Immunohistochemical analysis indicated that the MS females had lower immunoreactivity for the GABA-A receptor α1 subunit in CA3 region of the hippocampus, prelimbic mPFC, mPOA and hypothalamic pPVN compared to AFR females, while MS males presented lower immunoreactivity in amygdala, mPFC and pPVN. The main GABAergic signal within the hippocampus comes from local interneurons [45], forming part of the local modulation circuits. The reduction in the number of immunostained cells in the CA3 region of the hippocampus could result in an increase in glutamatergic excitatory output to the limbic areas that mediate hypothalamic pPVN inhibition. The greatest concentration of GABA-A receptors in the mPFC are located in layer 3 of the pyramidal cells, which primarily receive inhibitory input from adjacent interneuron layers with addition input from the hippocampus and basal forebrain [46]. GABA-A receptor reduction within the mPFC could result in poor inhibition of the pyramidal neurons followed by a stronger excitatory signal on the limbic nucleus. The reduction in prefrontal GABA-A receptors observed in MS females could contribute to their lower anxiety profile via increased pPVN neuron inhibition resulting in a low HPA response, what coincide with no-published result in our lab, where found a reduction in baseline plasma CORT levels in MS females.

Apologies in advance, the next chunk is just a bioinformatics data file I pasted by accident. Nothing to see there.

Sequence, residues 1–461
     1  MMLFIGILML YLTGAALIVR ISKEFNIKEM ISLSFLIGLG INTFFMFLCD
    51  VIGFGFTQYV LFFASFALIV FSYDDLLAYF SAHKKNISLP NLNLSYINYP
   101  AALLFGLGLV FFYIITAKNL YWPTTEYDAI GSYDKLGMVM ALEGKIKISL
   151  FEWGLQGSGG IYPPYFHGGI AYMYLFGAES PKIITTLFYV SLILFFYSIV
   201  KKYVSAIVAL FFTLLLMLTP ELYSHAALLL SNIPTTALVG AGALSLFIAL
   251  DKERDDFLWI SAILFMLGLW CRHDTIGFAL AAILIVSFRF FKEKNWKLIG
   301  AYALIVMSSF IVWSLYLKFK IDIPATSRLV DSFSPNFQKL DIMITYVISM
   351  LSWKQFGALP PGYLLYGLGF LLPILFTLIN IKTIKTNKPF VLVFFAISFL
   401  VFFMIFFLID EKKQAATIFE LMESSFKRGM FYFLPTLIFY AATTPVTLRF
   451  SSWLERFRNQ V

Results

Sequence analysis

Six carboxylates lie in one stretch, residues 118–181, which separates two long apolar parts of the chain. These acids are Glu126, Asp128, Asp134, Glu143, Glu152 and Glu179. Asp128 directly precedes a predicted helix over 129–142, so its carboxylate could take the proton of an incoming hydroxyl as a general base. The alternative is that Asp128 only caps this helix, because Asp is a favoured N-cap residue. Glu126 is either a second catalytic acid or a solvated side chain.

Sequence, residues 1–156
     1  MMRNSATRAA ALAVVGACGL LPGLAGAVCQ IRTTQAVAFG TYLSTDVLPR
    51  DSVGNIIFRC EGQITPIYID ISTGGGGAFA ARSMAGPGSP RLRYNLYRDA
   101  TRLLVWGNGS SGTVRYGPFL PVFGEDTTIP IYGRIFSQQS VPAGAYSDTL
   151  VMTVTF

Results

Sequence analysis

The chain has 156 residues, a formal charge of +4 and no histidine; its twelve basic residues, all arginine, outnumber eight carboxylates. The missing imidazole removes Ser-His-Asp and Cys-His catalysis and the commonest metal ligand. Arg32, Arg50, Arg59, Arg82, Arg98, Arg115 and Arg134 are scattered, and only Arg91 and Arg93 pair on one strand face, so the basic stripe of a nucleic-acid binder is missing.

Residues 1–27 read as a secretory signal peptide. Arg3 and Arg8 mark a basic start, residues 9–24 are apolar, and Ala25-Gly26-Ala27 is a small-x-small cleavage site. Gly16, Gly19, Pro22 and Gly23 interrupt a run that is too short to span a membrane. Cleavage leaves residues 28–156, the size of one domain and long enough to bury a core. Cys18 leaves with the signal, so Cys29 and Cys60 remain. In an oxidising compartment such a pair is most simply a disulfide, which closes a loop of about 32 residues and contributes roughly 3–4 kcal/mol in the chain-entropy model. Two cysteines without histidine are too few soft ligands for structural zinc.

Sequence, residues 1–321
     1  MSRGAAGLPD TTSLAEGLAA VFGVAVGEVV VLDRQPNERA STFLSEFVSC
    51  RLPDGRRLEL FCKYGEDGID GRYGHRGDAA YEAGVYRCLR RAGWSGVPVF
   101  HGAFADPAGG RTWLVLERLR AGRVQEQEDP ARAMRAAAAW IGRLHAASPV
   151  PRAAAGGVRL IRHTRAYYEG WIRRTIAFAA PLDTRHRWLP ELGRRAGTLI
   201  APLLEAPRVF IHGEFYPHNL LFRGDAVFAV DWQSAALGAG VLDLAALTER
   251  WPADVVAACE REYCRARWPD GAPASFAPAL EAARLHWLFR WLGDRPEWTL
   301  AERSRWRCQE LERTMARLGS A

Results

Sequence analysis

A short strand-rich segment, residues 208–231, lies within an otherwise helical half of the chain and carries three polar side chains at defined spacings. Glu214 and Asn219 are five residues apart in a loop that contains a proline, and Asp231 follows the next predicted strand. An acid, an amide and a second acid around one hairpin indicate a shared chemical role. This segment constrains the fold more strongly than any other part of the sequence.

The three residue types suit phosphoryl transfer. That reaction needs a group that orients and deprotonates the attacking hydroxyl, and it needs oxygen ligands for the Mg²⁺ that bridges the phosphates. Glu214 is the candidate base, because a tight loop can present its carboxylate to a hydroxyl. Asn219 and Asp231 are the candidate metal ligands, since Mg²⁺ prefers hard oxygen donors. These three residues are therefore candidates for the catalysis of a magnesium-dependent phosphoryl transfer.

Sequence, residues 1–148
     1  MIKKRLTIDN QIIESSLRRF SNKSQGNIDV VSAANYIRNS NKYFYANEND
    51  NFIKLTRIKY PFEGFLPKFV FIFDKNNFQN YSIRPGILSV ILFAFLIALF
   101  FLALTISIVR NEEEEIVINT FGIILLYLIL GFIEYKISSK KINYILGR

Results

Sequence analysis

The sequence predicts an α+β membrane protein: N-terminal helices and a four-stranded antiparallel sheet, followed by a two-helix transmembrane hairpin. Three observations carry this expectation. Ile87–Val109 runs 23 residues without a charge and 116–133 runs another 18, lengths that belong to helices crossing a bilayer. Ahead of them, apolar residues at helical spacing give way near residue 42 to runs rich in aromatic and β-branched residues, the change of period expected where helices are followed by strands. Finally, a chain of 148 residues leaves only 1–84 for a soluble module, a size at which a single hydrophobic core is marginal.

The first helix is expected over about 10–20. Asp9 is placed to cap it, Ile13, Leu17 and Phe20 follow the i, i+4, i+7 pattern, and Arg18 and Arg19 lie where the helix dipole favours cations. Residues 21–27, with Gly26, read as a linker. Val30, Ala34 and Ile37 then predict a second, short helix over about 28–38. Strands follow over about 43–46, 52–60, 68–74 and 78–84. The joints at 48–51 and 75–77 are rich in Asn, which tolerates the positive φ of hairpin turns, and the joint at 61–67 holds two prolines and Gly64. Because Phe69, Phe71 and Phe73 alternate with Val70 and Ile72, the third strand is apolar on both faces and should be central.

On the other hand, number of immunostained cells reduction in the amygdala could suggest altered GABAergic input from the local interneurons that receive excitatory input, primarily from the PFC and hippocampus [47]. This could be followed by increased GABAergic output and a resulting increase in the inhibition of limbic areas, such as the intermediated nucleus, which, in turn, would result in lower tonic pPVN inhibition. This might explain the making decision conflict observed in MS males, likely related with tow influences: greater excitation by the mPFC and greater inhibition by the amygdala.